Commentary, NC Budget and Tax Center

Digital divide in NC is a classic market failure, and requires proactive solutions

If you live in an affluent neighborhood in the Research Triangle, Charlotte, or a handful of other metropolitan areas in North Carolina, chances are you’ve seen crews working roadsides over the last year installing fiber optic cable. Maybe you’ve already signed up to boost your internet connectivity and know what a revelation it can be to have a world of people, experience, and commerce at your fingertips.

On the other hand, if you live in a community with little or no access to broadband, the story is quite different. Maybe you’ve sat in a library parking lot while your children do homework, or struggled to keep up with business competitors, or raged while a video of your grandchild’s first steps refused to load.

A new report from the North Carolina League of Municipalities documents the dire need to expand broadband access across the state, and lays out some of the steps we can take to make that happen.

“One of the primary functions of government is to build the infrastructure networks people need to sustain their lives and livelihoods. Today, high speed broadband joins transportation, electric, water, and natural gas networks as a component of basic infrastructure services that Americans expect to be provided”

(For anyone interested in joining the conversation about broadband solutions in North Carolina, an upcoming event on April 20th at the NC Rural Center provides a great opportunity).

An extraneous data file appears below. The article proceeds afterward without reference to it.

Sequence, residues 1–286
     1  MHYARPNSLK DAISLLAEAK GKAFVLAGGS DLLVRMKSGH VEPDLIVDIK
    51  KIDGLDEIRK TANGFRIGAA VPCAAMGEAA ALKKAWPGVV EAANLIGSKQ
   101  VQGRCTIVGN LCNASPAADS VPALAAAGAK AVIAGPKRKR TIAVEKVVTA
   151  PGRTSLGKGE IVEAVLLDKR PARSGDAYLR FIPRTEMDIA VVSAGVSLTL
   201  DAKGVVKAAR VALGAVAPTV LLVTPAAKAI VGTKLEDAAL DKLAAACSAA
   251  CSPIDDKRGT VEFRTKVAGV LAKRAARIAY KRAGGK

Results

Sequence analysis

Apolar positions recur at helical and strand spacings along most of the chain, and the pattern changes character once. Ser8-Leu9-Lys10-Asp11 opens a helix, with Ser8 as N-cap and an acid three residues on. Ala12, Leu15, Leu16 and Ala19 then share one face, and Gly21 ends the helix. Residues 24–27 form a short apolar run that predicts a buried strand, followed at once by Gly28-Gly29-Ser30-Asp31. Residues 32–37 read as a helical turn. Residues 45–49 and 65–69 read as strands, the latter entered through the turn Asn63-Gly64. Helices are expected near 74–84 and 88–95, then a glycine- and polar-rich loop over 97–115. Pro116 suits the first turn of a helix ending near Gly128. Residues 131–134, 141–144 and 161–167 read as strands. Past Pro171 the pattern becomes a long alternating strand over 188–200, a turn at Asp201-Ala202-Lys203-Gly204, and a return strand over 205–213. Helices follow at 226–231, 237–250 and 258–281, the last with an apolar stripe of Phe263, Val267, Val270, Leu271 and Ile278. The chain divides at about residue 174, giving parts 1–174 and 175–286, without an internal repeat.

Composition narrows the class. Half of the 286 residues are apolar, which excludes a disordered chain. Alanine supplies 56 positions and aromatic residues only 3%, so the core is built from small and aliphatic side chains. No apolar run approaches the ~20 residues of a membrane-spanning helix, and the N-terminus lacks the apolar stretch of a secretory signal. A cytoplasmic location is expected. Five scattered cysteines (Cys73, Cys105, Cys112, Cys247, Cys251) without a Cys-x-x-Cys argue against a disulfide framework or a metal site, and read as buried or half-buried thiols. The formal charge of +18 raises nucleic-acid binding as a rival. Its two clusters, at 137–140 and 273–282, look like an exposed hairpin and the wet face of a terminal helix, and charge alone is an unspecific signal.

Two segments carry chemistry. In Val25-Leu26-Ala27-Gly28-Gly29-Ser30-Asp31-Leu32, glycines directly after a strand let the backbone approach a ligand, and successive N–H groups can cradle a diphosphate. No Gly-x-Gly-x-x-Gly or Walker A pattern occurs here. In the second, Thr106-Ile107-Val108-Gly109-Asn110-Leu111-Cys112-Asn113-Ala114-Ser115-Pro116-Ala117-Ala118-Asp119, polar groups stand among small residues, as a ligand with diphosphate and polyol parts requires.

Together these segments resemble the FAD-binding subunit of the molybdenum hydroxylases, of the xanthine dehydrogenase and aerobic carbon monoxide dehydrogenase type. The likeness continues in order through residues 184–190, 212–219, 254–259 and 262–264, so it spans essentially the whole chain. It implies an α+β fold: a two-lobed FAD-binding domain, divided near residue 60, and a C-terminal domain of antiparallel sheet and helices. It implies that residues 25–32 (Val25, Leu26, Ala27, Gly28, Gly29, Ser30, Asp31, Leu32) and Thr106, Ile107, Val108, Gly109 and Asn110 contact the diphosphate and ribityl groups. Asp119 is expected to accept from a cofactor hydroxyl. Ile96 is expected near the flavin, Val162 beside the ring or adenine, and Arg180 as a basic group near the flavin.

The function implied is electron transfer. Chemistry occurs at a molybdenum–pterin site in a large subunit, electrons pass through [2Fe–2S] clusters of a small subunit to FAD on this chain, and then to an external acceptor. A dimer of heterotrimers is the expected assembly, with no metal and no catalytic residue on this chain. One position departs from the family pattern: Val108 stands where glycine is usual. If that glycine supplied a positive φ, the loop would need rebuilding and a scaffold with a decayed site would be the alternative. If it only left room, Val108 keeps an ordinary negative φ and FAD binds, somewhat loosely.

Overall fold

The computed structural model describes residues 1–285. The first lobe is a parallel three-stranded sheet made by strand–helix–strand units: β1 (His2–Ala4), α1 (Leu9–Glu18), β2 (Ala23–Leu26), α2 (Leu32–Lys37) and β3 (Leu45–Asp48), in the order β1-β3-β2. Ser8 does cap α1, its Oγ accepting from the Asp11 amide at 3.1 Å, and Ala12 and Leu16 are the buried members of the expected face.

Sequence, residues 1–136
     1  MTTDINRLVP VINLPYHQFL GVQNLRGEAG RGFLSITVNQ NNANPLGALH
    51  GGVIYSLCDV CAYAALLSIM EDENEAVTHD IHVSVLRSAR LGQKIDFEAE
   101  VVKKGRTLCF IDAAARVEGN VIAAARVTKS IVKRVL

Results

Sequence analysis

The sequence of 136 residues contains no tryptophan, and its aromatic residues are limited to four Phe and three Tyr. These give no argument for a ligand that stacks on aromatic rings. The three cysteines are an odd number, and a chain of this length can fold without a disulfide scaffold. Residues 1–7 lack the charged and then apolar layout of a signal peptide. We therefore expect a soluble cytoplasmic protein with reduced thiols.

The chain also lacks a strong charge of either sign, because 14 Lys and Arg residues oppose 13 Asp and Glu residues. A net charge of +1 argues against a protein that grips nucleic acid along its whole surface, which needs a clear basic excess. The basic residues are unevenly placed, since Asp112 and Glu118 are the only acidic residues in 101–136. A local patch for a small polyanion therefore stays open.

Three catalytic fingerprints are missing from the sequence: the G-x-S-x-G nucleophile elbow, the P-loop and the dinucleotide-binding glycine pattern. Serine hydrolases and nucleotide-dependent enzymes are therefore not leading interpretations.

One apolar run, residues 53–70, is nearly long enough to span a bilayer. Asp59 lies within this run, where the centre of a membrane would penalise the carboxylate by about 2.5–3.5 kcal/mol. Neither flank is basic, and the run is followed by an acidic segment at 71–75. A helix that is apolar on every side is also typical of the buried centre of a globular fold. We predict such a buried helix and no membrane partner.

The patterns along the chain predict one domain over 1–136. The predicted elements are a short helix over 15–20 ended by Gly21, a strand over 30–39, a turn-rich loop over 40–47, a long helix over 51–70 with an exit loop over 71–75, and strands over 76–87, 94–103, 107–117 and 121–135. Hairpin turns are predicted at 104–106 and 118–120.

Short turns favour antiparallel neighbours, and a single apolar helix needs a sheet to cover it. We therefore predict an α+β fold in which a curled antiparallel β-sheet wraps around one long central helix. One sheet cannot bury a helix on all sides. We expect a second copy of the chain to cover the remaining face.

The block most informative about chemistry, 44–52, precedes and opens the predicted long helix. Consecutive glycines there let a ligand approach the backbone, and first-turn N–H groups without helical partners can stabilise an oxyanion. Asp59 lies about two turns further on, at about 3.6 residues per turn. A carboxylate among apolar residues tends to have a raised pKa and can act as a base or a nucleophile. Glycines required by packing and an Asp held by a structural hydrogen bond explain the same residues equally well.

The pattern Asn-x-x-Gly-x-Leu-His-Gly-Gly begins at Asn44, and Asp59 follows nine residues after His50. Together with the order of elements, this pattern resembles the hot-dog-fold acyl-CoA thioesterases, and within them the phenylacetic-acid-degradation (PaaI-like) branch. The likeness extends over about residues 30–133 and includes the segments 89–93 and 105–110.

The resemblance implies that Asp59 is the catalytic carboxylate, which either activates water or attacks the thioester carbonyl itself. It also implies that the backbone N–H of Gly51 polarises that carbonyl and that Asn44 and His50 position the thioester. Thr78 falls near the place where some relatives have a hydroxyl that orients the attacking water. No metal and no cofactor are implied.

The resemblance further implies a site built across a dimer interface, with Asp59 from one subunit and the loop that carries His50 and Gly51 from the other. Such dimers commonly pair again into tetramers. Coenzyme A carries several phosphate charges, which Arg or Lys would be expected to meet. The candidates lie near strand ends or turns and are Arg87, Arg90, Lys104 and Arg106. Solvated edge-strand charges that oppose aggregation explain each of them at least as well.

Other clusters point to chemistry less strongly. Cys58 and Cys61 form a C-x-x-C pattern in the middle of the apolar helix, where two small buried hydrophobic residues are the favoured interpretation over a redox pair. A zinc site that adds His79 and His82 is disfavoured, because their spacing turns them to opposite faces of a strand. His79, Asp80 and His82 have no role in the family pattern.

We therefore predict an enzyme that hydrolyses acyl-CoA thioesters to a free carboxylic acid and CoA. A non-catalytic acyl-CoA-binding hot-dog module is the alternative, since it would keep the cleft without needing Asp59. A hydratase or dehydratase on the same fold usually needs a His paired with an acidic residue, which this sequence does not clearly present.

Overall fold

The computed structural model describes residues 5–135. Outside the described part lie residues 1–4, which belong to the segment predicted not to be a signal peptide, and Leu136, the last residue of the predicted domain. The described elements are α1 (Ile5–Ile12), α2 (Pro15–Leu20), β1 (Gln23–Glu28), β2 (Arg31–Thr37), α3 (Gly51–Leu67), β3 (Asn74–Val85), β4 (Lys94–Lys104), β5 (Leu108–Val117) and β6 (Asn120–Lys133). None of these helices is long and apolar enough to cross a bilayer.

The digital divide in North Carolina is a classic market failure. While private internet service providers rush to capture lucrative urban markets, they do not always invest in small towns and rural communities. This lack of investment isn’t a moral failing on the part of big telecom companies, they have a fiduciary obligation to shareholders to maximize return on investment and it is often more expensive to serve sparsely populated communities. Still, the result is that many North Carolina communities are falling farther and farther behind their urban neighbors. This is precisely the kind of situation that requires public investment and public-private partnerships to overcome the failure of the open market to deliver a necessary public good, as we have done with public education, roads, airports, parks, and other vital public needs that are often under-provided by the private market.

Given the growing economic and social importance of reliable broadband, its time for state and local governments in North Carolina to develop solutions that make sure no community is left behind.

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